It’s hard to imagine the holidays without Johnny Mathis. From “The Christmas Song” (“Chestnuts Roasting on an Open Fire”) to “I’ll be Home for Christmas,” his smooth, easy style and velvety vibrato are instantly recognizable and incomparably unique. Mathis will bring his Voice of Romance Tour to the San Jose Civic on Dec. 14. Even Barbra Streisand — no slouch herself in the vocal department — is a fan. “There are a number of good singers, a smaller handful of truly great singers, and then there’s Johnny Mathis,” Streisand said. Critics have also been kind. “Mathis had the greatest voice of his generation — one that was far better, technically, than Frank Sinatra’s or Tony Bennett’s or even Nat ‘King’ Cole’s,” wrote Jesse Green in The New Yorker in 2000, while essayist and music journalist Robert Christgau recognized Mathis for breaking down barriers of race and sexual identity: “Poised on the cusp of black and white, masculine and feminine, Mathis’s finest songs projected an image of egoless tenderness, an irresistible breath of sensuality that infused the airwaves …”
Mathis came from humble beginnings. Born John Royce Mathis in Gilmer, Tex., on Sept. 30, 1935, he was the fourth of seven children born to Clem and Mildred Mathis, who moved the family to San Francisco when he was a young child. His parents worked as a housekeeper-cook and a handyman for a wealthy San Francisco family and lived in their basement apartment on Post Street. Eventually the family moved to 32nd Avenue (where Mathis would eventually attend George Washington High School).
After our initial call drops, he calls me back from his Hollywood home. “John Mathis here,” he says on the voicemail. John is what he goes by, he tells me after we reconnect (Johnny is a stage name that stuck).
When Mathis was eight, his father purchased an old upright piano for $25. “It wouldn’t fit through the door,” Mathis says. “So I stayed up all night with my dad and watched him take it apart, move the pieces in to our small living room, and then reassemble it.” When I ask if he remembers the first song they ever sang together, Mathis responds quickly. “Oh yes, it was ‘My Blue Heaven.’ My dad was my best pal.” Realizing his son had talent, Clem Mathis found a voice instructor in the East Bay. “When you’re young and as involved as I was in music, the only way I could really learn was to find someone who could help me,” Mathis says. “And then of course I had to give her the bad news, that I had no money.”
Lucky for Mathis, the instructor agreed to work with him free of charge. “I would get on the bus and go to the train station and get on the one that goes over the Bay Bridge and then take a bus to her house. It took a couple of hours. When I got there, I’d sit outside the room she was working in and wait until she had a moment between her paying customers, and she would fit me in. I’d work with her for maybe 15 minutes and then go back and do my homework and then she called me when a student left . . . all because she was kind enough to work with me even though I couldn’t afford to pay for lessons.”
Mathis soon found a manager and began performing gigs in San Francisco clubs, where a Columbia Records producer saw him. “Found a phenomenal 19-year-old who could go all the way,” he wired New York. Mathis was also a gifted athlete (he set a new high jump record of six feet five and a half inches at a track meet at the University of Nevada in 1955, beating future NBA star Bill Russell’s former rrecord). He could have gone to the Olympics, but his deep passion for music made a career choice easy. In 1956 his first album debuted, and hits like “Chances Are” and “It’s Not for Me to Say” shot the young singer to stardom. In 1958, Johnny’s Greatest Hits became the first of its kind, starting a long tradition of artists putting out greatest hits albums. The record spent an unprecedented 490 continuous weeks — that’s nearly a decade — on the Billboard Top Album Chart.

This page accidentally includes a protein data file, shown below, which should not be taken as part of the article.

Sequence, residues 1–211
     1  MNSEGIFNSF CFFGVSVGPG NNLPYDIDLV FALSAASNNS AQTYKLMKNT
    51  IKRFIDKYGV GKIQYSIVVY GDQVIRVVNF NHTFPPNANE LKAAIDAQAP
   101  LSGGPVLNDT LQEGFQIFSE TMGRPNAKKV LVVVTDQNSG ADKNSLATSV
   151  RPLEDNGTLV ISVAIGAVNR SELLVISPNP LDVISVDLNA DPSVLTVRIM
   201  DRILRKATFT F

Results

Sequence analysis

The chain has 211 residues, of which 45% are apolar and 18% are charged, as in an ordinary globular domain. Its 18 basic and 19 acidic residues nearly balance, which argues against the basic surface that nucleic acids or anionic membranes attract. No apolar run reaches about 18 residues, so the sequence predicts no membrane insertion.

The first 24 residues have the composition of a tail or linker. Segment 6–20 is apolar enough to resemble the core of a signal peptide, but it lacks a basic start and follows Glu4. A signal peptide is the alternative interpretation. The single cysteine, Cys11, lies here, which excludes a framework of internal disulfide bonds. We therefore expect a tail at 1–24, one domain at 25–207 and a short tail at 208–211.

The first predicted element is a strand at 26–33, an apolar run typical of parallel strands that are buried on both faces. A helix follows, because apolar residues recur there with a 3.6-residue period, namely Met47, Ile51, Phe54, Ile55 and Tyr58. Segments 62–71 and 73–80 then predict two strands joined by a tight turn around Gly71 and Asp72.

You would think his voice instructor would have been overjoyed, but instead she taught him the greatest lesson in humility. “It was after I had a couple of hit records, and evidently she read an interview I had done in a local newspaper around San Francisco. In my exuberance, being so young and careless, I said I was probably her favorite student. When I asked her about my new records and whether she thought they were good or not, she said, ‘Well, yeah, they’re O.K., but who told you that you were my favorite student?’ So I was brought down — way, way down. I do remember that, and I think that was the most embarrassing thing that ever happened to me in life.”
I ask Mathis what he will be performing at the Dec. 14 concert in San Jose, and he launches into the first line of each song: “It’s beginning to look a lot like Christmas . . . Caroling, caroling . . . Happy holidays . . . Chestnuts roasting on an open fire . . . Toyland, Toyland . . . Oh we need a little Christmas, right this very minute . . . Just hear those sleigh bells jingling ring-ting-tingling, too . . .” I must admit, as Johnny Mathis sang to me over the phone, I was fangirling out just a little (O.K., a lot).
This year marks Mathis’s 63rd year as a recording artist (60 of them with Columbia, where he is their longest-running artist). He has 79 original albums and six original Christmas albums (his newest album, Johnny Mathis Sings the Great New American Songbook, was released in 2017). He hasn’t stopped singing, recording or touring for 62 years. At age 84, the voice of christmas and romance is as clear and strong as ever, and shows no signs of slowing down.
Johnny Mathis: The Voice of Romance Tour: Saturday, Dec. 14, 8 p.m., $75–$130, San Jose Civic Auditorium, 135 San Carlos St., San Jose, 408-792-4111,
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